"You can't take it with you!"
We’ve heard the axiom so many times that we don't give it a second thought. We use it to remind ourselves, "Don't waste so much energy accumulating things that don’t last!" Or we encourage ourselves, "Go ahead and use it up now! Better enjoy it while you can! You can’t take it with you!”
But what if we can take it with us?
Jesus said if you store up for yourself treasures on earth, it's a bad investment. Thieves steal, economies collapse, things decay. He said it's better to store up for yourself treasures in heaven where those things don't happen.
But he said it's not just because it's a more reliable investment. He said the reason is because, "where your treasure is, there your heart will be also." (Matthew 6:21 NIV)
The Christmas season is a good time to look at what you treasure most.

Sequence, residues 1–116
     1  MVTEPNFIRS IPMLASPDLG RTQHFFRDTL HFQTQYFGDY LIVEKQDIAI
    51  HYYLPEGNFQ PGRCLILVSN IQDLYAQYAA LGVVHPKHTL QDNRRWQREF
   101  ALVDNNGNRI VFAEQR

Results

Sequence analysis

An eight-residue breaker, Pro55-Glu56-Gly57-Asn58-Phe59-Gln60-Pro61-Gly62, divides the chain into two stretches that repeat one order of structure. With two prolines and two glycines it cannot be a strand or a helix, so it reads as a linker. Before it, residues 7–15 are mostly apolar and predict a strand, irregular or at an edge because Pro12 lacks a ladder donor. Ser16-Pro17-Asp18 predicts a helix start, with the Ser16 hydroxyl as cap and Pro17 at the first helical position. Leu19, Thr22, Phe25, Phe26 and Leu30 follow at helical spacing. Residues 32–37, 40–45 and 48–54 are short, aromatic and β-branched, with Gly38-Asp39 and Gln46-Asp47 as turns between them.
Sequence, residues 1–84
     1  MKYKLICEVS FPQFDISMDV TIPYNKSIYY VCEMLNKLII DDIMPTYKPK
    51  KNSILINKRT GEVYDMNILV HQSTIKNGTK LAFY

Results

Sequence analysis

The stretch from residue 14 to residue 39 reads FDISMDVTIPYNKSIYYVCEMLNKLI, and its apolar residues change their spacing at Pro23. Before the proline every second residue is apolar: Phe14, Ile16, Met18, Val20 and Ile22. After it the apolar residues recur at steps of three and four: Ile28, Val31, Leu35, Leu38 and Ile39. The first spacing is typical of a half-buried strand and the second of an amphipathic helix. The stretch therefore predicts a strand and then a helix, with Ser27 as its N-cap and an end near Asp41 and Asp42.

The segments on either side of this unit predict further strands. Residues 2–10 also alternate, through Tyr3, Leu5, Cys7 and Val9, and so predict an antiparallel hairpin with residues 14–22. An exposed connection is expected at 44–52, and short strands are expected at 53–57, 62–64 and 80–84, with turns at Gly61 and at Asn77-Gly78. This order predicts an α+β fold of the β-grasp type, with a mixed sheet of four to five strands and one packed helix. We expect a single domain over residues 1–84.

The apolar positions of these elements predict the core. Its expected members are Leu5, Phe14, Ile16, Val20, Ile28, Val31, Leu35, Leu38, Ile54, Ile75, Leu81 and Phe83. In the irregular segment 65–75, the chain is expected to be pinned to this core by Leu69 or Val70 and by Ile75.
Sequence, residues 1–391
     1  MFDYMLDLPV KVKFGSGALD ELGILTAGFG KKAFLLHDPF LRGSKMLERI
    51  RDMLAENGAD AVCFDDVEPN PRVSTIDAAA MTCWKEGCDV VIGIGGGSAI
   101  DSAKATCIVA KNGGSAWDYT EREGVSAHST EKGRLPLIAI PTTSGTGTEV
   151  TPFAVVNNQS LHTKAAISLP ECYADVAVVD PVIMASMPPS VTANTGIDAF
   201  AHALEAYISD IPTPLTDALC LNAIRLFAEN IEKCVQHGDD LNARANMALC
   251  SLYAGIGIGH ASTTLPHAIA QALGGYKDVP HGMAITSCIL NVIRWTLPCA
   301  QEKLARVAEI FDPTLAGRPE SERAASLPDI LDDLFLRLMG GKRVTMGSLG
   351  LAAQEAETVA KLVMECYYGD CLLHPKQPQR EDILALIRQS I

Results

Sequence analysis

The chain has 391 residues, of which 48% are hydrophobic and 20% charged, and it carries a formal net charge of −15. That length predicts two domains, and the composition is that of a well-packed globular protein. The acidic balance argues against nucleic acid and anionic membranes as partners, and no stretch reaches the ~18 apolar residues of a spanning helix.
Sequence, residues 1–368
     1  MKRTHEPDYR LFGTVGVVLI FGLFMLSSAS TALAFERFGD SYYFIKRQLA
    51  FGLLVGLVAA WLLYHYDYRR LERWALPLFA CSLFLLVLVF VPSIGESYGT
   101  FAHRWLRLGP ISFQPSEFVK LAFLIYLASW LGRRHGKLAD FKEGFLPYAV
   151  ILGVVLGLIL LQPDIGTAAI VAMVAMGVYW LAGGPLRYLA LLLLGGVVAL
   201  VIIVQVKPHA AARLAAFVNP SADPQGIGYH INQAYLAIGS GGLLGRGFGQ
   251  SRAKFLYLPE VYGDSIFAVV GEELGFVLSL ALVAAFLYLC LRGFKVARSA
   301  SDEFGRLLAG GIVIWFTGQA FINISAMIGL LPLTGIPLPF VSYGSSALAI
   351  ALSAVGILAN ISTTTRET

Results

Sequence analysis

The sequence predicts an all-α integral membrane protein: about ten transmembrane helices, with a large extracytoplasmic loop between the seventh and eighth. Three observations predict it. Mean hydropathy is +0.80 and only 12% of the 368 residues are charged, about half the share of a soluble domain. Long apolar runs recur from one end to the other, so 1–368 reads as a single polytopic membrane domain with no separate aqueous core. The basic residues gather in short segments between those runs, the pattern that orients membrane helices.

And before you look forward, look back over the year and see what you've invested your treasure in. I find two questions helpful.
We throw our money at a lot of things. Some of the things we spend our money on have no eternal value, or even have eternally negative value! And other things that we say we value just don't show up at all in what we spend our money on.
Usually the disparity is much more grey than paying for "sinful things" and neglecting "holy things." It's paying for lesser things and not being able to pay for better things.
Look back over this year to see where your heart was. In times of uncertainty we really see our hearts! How did you spend your money? Where did you invest your time? What stories did you tell about the things you appreciate and value? Did your cash flow tell the same stories?
Where you spend your time and money tells you where your heart is really invested.
What if you do take it with you?